Movie review: ‘Silverado’

Recently I reviewed my second favorite western, “The Long Riders” (click here to read it). Earlier this year I reviewed my favorite: Clint Eastwood’s “The Outlaw Josey Wales” (click here to read that one). Well, even though I’m really no fan of the genre of westerns, I might as well as review my third favorite western: “Silverado.” Don’t worry, there’s no fourth favorite since, as I say, westerns are not my cup of tea. Well, maybe another Eastwood film “Joe Kidd” (click here for my review) might qualify, but certainly not of the quality of the intricate plot, acting and direction that you’ll find in “Silverado.” It is a solid buddy film and the good guys come out winners in the end like all good westerns should. It’s easy to find, so give it a try if you haven’t – even if you don’t like westerns (surprisingly, it even has a member of the “Monty Python” troupe in it).

‘Silverado’
(1985; 133 minutes; rated PG-13; directed by Lawrence Kasdan and starring Kevin Kline, Scott Glenn and Kevin Costner)

SETTING IT ALL RIGHT … IN THE RIGHT WAY

Silverado” is just like the old-time, big cast megafilms from the 1960s – say “Spartacus” in scope and acting or “The Great Escape” (click here for my review) in the cast’s star power of the day. It is expansive and wonderful in just about every scene and it is the work of the talented director Lawrence Kasdan, whose previous effort was “The Big Chill” and before that “Body Heat.”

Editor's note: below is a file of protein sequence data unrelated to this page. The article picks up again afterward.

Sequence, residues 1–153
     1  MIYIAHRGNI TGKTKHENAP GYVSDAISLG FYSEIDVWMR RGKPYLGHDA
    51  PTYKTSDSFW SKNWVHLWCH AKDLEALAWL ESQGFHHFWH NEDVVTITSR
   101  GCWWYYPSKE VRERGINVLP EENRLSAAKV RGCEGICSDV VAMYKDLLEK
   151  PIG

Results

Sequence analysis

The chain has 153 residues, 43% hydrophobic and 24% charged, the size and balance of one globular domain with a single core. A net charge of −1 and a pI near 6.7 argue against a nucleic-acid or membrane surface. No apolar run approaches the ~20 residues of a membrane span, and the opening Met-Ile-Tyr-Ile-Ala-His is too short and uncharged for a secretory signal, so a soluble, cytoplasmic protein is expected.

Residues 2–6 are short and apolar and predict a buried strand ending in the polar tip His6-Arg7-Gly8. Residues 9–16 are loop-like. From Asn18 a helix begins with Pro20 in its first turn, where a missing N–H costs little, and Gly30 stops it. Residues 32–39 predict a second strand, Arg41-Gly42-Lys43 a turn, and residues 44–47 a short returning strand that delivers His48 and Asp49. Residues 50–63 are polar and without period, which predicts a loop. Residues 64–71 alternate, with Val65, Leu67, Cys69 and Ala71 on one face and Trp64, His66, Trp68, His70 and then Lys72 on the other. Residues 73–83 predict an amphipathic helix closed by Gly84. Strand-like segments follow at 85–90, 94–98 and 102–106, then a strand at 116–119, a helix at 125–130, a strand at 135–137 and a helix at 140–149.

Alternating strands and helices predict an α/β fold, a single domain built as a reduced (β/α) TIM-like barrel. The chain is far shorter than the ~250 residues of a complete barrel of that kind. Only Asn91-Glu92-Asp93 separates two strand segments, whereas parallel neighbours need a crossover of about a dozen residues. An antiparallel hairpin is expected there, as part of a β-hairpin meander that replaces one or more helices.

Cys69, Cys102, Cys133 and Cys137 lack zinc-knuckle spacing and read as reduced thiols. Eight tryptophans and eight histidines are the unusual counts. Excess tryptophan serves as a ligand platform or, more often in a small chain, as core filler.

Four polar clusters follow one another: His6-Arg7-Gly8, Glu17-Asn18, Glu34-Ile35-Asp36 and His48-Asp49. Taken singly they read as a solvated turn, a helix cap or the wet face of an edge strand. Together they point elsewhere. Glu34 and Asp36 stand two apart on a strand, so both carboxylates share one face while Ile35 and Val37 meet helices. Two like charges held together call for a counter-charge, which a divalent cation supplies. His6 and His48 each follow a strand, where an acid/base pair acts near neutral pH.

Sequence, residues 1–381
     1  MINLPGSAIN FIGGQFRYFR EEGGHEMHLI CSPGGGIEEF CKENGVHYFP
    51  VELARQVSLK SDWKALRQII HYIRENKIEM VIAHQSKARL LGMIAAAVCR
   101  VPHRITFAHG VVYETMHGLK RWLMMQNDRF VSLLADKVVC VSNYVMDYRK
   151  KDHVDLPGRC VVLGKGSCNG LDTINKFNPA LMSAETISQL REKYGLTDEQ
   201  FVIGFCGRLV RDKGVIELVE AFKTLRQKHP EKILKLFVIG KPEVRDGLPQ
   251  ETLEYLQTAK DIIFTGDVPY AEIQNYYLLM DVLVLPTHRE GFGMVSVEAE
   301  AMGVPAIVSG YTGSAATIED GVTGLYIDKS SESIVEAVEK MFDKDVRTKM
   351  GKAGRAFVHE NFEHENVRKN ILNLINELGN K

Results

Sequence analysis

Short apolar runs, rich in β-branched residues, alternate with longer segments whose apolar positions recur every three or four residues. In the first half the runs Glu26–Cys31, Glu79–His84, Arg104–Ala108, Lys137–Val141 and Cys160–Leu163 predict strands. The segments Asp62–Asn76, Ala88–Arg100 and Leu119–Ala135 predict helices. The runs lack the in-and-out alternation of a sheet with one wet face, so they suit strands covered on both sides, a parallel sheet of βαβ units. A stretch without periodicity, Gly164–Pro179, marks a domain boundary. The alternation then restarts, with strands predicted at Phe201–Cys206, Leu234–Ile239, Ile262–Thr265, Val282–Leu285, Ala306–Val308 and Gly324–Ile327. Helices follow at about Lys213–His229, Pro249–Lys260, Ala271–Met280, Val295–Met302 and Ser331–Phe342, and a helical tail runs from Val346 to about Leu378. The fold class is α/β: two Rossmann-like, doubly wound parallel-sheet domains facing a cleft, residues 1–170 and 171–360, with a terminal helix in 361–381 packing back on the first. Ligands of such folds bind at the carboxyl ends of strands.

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Kasdan does such a good job with “Silverado” that you’d like it to go on for another three hours or so, but the tale is told and closed in the proper western way: it was a bumpy road, but the good guys win in the end. Also, the good guys are good and the bad guys are bad and there’s a clear line between the two.

Silverado” is a western with converging subplots. A man (cowboy?) is ambushed but manages to survive and on his way to a city where his brother is being held on a murder charge, he finds a man (cowboy?) who’s been robbed and left for dead in the wilderness. The two then go to the town, rescue the brother, get away with the help of a black man who’s traveling to help his father. Deep breaths, now. The all wind up in the town of “Silverado” and their ongoing fates continue to play out and it all comes down to a web with a nasty rancher at its center who has enlisted a crooked sheriff as his enforcer.

Just as with all great westerns, it comes down to a final showdown in Silverado and with the good guys left standing the credits roll with the possibility of a sequel (it never materialized).

I’ve only scratched the surface of the plot of the film (you also have an English sheriff in the old west – “Monty Python’s” John Cleese at that) and you’ll almost need pen and paper to keep track of all the twists and turns.

Here’s a rundown of the primary cast actors and their work:

  • The ostensible lead character is “Paden” played by Kevin Kline. He’s found left in the wilderness and brings justice everywhere he goes and ultimately becomes sheriff of Silverado. Kline is as perfect in this role as he would be later in “Dave” (click here for my review) and is the balance to the more volatile characters. He has also been in “Wild Wild West” and won his Oscar for the outlandishly twisted character he played in “A Fish Called Wanda” with Jamie Lee Curtis.
  • Scott Glenn plays the stoic, unflappable “Emmett” and is loyal to a fault and a bit of a fatalist. Glenn conveys his role well, but probably could have added some low-key spice to make his character stand out. He did much better work in “The Right Stuff” and has also been in “Urban Cowboy” with John Travolta as well as “Silence of the Lambs.”
  • Kevin Costner does a great job as the excitable “Jake,” who’s up for a hanging because he’s always killing someone in self-defense. He does a really neat double kill outside the saloon at the end. The two-time Oscar winner has been in “Dances with Wolves” and “Tin Cup.”